Back 4 Blood Review
Fans of Left 4 Dead can rejoice – Back 4 Blood is bloody brilliant. It comes with a slew of issues; this I can’t deny. But, when it comes down to it, the sum of its parts equal something far too good for a few shortcomings to spoil the party. The latest from Turtle Rock Studios shows that not only does this team still unequivocally sit atop the zombie-shooter genre, but that they’ll continue to do so for a long, long time.
It’s not that Back 4 Blood reinvents the wheel. The truth is, if it weren’t for the shiny coat of paint making the game look as good as one would hope something releasing in 2021 looks, you would be hard-pressed to tell the difference between Back 4 Blood and Left 4 Dead. The premise still revolves around a team of four people, hacking, stabbing, and shooting their way through an endless stream of the undead. As you mow wave after wave down, you’ll methodically work your way from one safe room to the next, where you’ll earn a few moments to catch your breath and find your bearings.
Back 4 Blood begins to differentiate itself from its predecessors in its use of card-based deck-building mechanics. Progressing through the campaign or winning matches in the PVP ‘Swarm’ mode will net you resources that can be spent on various bonuses. Many of these come in the way of the cards mentioned above, which will boost your character when equipped. Extra health and ammo, faster reload speeds, and better modifications are only the tip of the iceberg, and I appreciate that Back 4 Blood will throw modifier cards into the mix that work to make things more difficult. Plus, given that there’s such a large pool of cards to play with already, it’ll be a while before you start to feel the pangs of repetition.
Equally as crucial for keeping Back 4 Blood feeling fresh is the smooth, Call of Duty-esque gunplay that the developers have adopted. I’ll admit, both Left 4 Dead titles didn’t click with me in the ways they did with others. Much of this had to do with them feeling choppy and sluggish compared to the staples of the genre. But, Back 4 Blood remedies this by not only nailing the feeling of rewarding, satisfying gunplay but delivering it all at a consistent 60-frames per second. Enemy heads pop, squish, and splat in gloriously garish fashion, feeling particularly gratifying thanks to the PS5’s DualSense controller. Turtle Rock Studios has made clever use of the haptic feedback, ensuring every shot feels as if they ring out in your hand. It’s an excellent effect and one that genuinely helps in creating immersion.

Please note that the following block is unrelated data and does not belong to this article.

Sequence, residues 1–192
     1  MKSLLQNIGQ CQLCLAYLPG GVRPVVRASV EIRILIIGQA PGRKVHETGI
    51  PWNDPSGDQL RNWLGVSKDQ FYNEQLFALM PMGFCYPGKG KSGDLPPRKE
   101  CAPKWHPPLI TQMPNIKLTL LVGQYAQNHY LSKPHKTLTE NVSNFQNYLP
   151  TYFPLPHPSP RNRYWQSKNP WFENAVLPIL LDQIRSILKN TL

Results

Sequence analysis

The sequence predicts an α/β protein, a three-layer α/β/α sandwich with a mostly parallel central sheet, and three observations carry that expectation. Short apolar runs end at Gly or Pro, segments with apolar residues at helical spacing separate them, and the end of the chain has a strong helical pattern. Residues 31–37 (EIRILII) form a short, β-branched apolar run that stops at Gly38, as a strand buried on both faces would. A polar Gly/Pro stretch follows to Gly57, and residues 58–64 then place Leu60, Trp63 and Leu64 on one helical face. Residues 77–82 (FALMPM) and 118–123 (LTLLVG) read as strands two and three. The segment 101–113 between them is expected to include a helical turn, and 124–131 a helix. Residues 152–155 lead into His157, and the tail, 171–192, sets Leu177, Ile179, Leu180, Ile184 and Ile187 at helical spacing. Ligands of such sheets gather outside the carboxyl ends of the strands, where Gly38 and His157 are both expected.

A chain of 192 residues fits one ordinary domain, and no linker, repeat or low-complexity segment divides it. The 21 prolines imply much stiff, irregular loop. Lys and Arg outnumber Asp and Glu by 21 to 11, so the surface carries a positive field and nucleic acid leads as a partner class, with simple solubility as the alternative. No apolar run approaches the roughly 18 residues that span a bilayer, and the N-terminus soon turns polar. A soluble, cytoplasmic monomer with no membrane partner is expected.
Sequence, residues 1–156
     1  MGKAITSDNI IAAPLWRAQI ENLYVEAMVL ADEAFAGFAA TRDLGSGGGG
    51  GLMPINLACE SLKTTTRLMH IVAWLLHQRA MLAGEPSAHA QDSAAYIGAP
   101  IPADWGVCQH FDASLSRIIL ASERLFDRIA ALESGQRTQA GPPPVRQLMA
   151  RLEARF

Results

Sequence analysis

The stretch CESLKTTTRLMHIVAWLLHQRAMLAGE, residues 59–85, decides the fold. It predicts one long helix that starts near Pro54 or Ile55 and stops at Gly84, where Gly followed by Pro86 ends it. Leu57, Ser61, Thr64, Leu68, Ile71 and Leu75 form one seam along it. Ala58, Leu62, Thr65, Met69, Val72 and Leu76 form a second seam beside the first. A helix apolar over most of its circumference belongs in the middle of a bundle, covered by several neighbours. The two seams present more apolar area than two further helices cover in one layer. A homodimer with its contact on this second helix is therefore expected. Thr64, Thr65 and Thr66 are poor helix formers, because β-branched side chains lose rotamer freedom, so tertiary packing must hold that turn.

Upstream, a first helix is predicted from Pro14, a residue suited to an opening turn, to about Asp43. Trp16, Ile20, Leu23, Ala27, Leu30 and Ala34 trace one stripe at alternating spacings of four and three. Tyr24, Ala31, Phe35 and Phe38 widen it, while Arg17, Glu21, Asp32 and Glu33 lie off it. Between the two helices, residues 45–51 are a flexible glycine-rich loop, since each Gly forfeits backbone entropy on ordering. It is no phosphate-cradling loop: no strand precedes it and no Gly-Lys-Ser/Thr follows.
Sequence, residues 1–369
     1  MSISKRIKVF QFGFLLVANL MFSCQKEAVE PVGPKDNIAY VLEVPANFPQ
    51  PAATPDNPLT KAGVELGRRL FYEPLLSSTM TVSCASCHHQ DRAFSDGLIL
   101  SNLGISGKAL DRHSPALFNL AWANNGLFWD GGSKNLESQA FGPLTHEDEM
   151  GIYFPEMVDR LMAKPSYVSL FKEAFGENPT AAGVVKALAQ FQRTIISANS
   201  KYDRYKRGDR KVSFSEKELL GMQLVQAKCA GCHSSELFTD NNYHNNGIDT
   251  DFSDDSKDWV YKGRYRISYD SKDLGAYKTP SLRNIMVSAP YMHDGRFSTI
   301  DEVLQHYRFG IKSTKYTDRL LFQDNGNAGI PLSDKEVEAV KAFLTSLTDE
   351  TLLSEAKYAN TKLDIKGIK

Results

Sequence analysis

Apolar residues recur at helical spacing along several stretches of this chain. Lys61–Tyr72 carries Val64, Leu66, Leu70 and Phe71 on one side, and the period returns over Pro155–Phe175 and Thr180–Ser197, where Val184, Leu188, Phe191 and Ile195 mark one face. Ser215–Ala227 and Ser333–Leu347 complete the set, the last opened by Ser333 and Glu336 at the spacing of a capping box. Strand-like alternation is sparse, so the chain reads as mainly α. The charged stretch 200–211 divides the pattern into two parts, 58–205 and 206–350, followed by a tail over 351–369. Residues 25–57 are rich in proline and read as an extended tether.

Of course, as was the case all those years ago with Left 4 Dead, Back 4 Blood is chockfull of issues, some big and some small. The largest of its problems being that, in its current state, single-player is utterly meaningless. If you choose to play solo, you won’t be rewarded supply points, you won’t earn trophies/achievements, and you won’t unlock the four characters that require a bit of story progression to gain access to. It’s flabbergasting to think that a decision like this could be made by a team of people with functioning brains, but at the very least, Turtle Rock Studios have already announced they are looking at fixing this blunder.
Other grievances pepper throughout Back 4 Blood, running the gamut from minor annoyances to deeply, profoundly exasperating issues. Items demand a frustrating amount of precision to pick up. Attachments cannot be removed unless they’re replaced with something else. The number of special enemies that spawn is ridiculous; there are times you’ll scratch and claw to fight through three or four extra-powerful foes, only to be greeted by the same group of zombies in the next room.
Then there’s the difficulty itself. You’ll find Back 4 Blood sporting a traditional easy (classic), medium (survivor), and hard (nightmare) mode, but the gap between these levels is entirely ridiculous. Easy could be cakewalked through with a team consisting of you and your parents. Medium is made for people that live and die for first-person shooters. And hard is, simply put, an abomination.
Yet, I can’t help but feel that, regardless of its current dilemmas, Back 4 Blood still manages to be a damn good time.
Staying 4 More
Back 4 Blood is one that I’ll be playing for a long time to come. Turtle Rock Studios has committed to improving the game, both through new content and patches. And I trust that they’ll right most of the wrongs with their latest zombie-slaying simulator. It may feel light on content, and you’ll need a team of people if you want to make any actual progress, but hop on board now, and you still be pleasantly surprised at just how fun Back 4 Blood can be.
***PS5 review code provided by the publisher***